Tea Party Patriots Set Biggest Protest Since 2010
IRS Scandal Is Focus of Public Outrage
In an ominous sign for the Obama White House, thousands of Tea Party patriots will gather on the west lawn of the Capitol Wednesday to protest the IRS assault on conservative groups and donors.
Organizers of the event have billed it as the largest Tea Party protest since 2010 when conservatives captured the House from Democrats after passage of Obamacare and months of runaway federal spending that started with the so-called stimulus bill in early 2009.
“At noon tomorrow, we are going to tell the world about how the IRS tried to crush the Tea Party movement,” organizers with the Tea Party Patriots organization said in an email to supporters Tuesday.
Organizers expect to hear from Senators Ted Cruz, Rand Paul, and Mike Lee, as well as House Ways and Means Chairman Dave Camp and Representative Michele Bachmann.
Of all the Obama scandals, including extensive data gathering by the National Security Agency, the IRS voter suppression scheme continues to have staying power. The effort to destroy conservative groups seeking tax-exempt status started on April 1, 2010, only weeks after Obamacare was signed into law. It continued well past November 2012 when President Obama won reelection.
The pollster Scott Rasmussen reported Tuesday that concern about the IRS targeting of Tea Party groups and other conservative organizations remains high and is inching up. He said that 82 percent of voters nationwide are now following the IRS targeting story, up from 74 percent a month ago.
Most telling for the White House was the poll result that 70 percent believe the IRS decision to target conservatives was made in Washington, although how high up the decision went is still unknown.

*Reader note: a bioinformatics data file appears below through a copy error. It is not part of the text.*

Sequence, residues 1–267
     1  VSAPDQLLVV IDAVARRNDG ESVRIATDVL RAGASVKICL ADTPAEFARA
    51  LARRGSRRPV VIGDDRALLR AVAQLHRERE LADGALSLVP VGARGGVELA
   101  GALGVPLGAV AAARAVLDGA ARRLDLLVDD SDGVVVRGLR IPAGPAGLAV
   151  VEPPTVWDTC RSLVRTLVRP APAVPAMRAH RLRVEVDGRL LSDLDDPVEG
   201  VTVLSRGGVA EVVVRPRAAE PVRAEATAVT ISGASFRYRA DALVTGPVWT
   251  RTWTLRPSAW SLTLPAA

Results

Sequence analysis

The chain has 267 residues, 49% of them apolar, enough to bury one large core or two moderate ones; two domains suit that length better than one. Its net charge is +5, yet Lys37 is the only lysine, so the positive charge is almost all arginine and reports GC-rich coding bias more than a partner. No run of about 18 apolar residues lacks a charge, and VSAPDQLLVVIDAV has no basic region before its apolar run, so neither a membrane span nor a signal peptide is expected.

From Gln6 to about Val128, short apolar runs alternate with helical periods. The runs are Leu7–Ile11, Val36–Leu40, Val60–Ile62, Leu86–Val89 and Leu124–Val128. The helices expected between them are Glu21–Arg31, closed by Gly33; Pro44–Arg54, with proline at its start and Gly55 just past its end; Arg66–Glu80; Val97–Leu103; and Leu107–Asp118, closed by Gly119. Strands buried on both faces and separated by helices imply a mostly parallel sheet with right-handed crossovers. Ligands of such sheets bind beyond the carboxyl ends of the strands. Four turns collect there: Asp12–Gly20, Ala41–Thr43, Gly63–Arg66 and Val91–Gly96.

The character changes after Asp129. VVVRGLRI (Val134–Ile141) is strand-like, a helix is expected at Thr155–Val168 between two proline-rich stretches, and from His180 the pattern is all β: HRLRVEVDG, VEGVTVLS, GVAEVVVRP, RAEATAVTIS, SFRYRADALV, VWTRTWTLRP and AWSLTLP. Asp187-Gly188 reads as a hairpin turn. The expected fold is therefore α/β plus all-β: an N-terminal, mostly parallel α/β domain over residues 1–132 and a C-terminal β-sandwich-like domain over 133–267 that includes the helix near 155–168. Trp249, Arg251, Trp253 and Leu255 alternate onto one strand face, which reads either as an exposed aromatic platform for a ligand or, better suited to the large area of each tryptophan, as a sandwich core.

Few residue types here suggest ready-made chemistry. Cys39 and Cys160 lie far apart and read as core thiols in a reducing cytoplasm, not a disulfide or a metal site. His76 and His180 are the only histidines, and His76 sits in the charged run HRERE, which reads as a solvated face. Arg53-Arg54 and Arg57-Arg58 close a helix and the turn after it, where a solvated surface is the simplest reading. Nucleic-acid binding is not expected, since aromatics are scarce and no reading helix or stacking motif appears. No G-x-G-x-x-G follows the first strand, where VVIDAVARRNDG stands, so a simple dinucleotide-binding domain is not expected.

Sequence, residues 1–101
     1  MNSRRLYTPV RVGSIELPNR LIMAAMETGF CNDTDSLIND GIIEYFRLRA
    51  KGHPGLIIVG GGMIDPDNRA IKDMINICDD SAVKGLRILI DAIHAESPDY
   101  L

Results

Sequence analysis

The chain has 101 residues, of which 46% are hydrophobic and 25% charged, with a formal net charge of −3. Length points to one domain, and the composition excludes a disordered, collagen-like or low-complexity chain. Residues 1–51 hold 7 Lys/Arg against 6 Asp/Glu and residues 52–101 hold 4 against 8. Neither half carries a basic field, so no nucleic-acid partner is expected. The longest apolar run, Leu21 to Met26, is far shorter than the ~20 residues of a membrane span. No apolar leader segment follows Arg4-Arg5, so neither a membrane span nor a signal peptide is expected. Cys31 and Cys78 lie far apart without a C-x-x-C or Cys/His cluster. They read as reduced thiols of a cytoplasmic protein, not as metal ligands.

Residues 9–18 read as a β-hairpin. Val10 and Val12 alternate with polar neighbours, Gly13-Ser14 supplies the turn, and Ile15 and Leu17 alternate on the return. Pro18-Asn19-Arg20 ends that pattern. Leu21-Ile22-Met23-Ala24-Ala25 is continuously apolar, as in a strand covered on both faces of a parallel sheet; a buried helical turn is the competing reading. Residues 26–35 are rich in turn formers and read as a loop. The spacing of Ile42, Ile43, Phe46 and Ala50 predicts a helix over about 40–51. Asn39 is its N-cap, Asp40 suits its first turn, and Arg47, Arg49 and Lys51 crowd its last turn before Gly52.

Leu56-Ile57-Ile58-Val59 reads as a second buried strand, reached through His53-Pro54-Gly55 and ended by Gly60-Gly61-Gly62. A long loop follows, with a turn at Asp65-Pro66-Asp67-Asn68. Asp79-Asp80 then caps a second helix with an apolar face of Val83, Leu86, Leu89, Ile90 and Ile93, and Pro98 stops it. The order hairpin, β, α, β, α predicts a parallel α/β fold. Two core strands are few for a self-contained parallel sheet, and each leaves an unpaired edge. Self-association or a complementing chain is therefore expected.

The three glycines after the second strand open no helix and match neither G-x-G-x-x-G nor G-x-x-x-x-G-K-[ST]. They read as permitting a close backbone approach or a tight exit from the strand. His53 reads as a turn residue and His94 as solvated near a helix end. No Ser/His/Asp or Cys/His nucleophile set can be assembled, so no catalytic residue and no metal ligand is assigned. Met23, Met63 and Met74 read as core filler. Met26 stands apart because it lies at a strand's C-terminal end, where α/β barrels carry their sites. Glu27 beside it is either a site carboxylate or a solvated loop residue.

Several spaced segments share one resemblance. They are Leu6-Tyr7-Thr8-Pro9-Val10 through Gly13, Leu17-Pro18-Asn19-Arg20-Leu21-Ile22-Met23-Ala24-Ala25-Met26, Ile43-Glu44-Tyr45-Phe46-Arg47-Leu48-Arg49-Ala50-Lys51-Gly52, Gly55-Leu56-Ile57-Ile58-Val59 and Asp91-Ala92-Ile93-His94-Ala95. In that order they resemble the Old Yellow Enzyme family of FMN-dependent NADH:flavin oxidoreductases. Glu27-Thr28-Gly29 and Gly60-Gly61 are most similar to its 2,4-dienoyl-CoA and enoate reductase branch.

In a link to the National Security Agency (NSA) controversy, a Rasmussen poll last week showed that 57 percent of those polled fear the government will use NSA data to harass political opponents.
The mounting Obama scandals, which include Benghazi and Justice Department seizure of phone records from journalists, have now reached the president personally.
A CNN poll revealed earlier this week that Obama’s approval rating dropped eight percentage points in the past month to
45 percent, his lowest rating in more than a year and a half.
The poll showed that for the first time in Obama’s presidency, half of the public says they do not believe he is honest and trustworthy.
CNN also reported that the drop in Obama’s support is fueled by a dramatic 17-point decline over the past month among people under 30, who, along with black Americans, had been the most loyal part of the Obama coalition.
The president also dropped 10 points among independent voters, with Obama’s disapproval among independents jumping 12 points to 61 percent.
The Tea Party rally Tuesday could be a turning point in public distrust for the Obama administration. In fact, it could be the opening shot by conservatives infused with fresh enthusiasm in advance of the 2014 midterm elections.
During the course of his career, Walker has worked in Chicago, Washington DC, New York City, and Phoenix. He served as a reporter in Chicago, a press secretary and speechwriter in Washington, and in numerous positions in New York in corporate and financial services communications.
Walker is a graduate of the University of Wisconsin and the Medill School of Journalism at Northwestern University.